With this technology, studies of the most varied are being carried out. For example, spacecraft also use it to measure distances, and on Earth, a group of Danish archaeologists has taken advantage of LiDAR sensors to study ancient strengths, the study of the atmosphere, is another option that LiDAR can measure the densities of materials we find in the atmosphere like aerosols launched by humanity. And also other types of chemical elements: potassium, sodium, oxygen levels. You can also study winds and their structure or calculate temperature profiles.
Electrical line mapping
The mapping of power lines is an application in which there are no other techniques that compete with LiDAR. It is interesting to obtain the distance of the cables to the terrain, vegetation and buildings. Using specific configurations of the equipment it is possible to obtain many points on the cables. A terrain model is generated and then a catenary model is adjusted for each cable. The remaining points will belong to vegetation or buildings and we can calculate their distance to the cables. The points too close are considered dangerous and we can generate a list of dangerous points with their distances to the cables and a map with the minimum distances from the cables to the vegetation and the ground.
During the Apollo program, retroreflectors were placed on the moon, which were used to reflect lasers beamed from observatories on Earth. LiDAR is also capable of mapping the surfaces of celestial bodies – it was used to generate a precise global topographic survey of Mars.
Topography of Mars
LiDAR technology was used to create a topographic map of Mars back in 1999. The laser pulses traveled at a very high speed to Mars, creating a 3D model of the planet and returning the data to earth. NASA’s Phoenix Lander also used LiDAR technology to detect snow falling. The Mars Meteorological LiDAR now provides cloud, fog, and dust plume data, leading to a better understanding of the planet’s climate.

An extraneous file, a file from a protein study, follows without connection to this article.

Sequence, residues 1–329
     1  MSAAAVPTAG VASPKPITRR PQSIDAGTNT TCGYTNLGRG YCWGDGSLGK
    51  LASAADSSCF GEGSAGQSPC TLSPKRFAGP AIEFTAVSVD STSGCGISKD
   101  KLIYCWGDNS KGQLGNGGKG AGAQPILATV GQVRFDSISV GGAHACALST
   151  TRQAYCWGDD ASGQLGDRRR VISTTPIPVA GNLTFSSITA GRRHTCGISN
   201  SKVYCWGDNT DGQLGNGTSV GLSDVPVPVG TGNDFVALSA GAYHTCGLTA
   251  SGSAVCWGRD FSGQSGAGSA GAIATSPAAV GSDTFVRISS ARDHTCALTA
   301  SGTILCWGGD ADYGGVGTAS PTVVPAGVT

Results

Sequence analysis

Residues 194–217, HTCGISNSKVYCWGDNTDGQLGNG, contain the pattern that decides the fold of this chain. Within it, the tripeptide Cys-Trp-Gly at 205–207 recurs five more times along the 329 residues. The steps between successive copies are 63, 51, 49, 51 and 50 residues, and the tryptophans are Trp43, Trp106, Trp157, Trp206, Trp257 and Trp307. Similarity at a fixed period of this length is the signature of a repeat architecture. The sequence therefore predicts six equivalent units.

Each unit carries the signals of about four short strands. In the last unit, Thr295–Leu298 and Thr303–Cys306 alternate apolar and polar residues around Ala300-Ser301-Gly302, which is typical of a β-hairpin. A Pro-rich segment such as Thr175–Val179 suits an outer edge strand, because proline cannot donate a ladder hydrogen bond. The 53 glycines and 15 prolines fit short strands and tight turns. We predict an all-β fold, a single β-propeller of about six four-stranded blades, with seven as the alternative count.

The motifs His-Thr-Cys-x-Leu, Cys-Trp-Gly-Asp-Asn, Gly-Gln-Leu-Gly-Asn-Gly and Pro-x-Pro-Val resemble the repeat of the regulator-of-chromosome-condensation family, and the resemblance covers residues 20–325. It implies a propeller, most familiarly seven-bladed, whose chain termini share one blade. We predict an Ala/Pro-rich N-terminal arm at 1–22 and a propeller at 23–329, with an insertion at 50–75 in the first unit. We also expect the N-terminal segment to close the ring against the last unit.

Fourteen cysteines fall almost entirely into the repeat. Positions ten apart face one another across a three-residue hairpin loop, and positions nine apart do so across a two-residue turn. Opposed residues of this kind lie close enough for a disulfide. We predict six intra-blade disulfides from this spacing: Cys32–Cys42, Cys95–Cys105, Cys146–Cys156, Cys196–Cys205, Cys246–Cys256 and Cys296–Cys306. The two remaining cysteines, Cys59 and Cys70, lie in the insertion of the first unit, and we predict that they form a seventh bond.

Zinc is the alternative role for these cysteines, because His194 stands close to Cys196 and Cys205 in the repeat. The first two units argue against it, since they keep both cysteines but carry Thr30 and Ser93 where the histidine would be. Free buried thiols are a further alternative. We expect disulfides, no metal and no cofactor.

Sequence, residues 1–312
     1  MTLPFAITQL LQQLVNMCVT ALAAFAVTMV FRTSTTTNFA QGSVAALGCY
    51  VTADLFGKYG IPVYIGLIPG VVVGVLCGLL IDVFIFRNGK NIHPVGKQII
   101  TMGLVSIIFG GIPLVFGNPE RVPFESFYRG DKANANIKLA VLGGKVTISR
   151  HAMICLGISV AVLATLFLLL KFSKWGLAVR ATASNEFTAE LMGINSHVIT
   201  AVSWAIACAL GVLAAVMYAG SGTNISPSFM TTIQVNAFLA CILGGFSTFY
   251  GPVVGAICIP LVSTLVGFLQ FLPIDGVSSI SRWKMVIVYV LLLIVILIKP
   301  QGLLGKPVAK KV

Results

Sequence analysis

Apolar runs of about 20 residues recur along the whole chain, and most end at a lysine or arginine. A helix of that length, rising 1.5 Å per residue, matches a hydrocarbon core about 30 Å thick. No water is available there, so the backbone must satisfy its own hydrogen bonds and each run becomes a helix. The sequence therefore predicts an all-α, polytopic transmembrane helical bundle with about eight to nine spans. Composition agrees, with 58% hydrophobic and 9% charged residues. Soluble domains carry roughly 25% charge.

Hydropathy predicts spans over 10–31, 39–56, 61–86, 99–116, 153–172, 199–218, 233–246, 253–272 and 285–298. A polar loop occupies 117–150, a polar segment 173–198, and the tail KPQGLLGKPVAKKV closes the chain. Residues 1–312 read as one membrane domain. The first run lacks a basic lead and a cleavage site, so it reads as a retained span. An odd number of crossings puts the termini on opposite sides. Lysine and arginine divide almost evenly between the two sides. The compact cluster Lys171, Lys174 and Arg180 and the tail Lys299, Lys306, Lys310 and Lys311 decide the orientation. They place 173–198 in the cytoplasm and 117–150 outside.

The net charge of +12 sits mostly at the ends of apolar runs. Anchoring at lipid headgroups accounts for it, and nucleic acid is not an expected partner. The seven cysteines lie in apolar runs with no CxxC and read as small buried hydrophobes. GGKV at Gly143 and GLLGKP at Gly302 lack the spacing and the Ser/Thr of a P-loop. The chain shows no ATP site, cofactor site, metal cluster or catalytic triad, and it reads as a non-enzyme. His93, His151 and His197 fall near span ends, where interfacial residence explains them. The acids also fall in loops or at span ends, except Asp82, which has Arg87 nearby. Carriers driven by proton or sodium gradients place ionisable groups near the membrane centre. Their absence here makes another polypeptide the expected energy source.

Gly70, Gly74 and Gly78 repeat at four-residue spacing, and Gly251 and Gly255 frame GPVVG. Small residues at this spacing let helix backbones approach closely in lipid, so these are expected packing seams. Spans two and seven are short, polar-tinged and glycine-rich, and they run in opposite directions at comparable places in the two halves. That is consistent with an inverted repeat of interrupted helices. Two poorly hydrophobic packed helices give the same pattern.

LiDAR has been used as an ongoing part of the Lunar Laser Ranging experiment, measuring the distance between the surfaces of Earth and the moon. Laser light pulses are transmitted and reflected back to Earth and the round-trip duration is measured. The findings of this experiment have shown us that the moon is spiraling away from Earth at a rate of 3.8 cm/year.
There are two types of sensors, fixed and rotary or 360 degree. Fixed ones, for example, when used for driving, are placed at the top of the windshield or on the sides of the vehicle for a larger view spectrum and sometimes integrate a camera that records road lines and traffic signals.
Meanwhile, swivels are mainly used in topography, to study the relief of a terrain. However, they have also been adapted for cars and can be seen on the roof of prototype self-driving cars.
There are two basic types of LiDAR
With airborne LiDAR, the system is installed in a helicopter or aircraft. Infrared laser light is emitted to the ground and returned to the moving airborne LiDAR sensor. There are two types of airborne sensors: topographic and bathymetric.
Topographic LiDAR can be used to derive surface models for use in various applications such as forestry, hydrology, geomorphology, urban planning, landscape ecology, coastal engineering, topographic survey assessments, and volumetric calculations.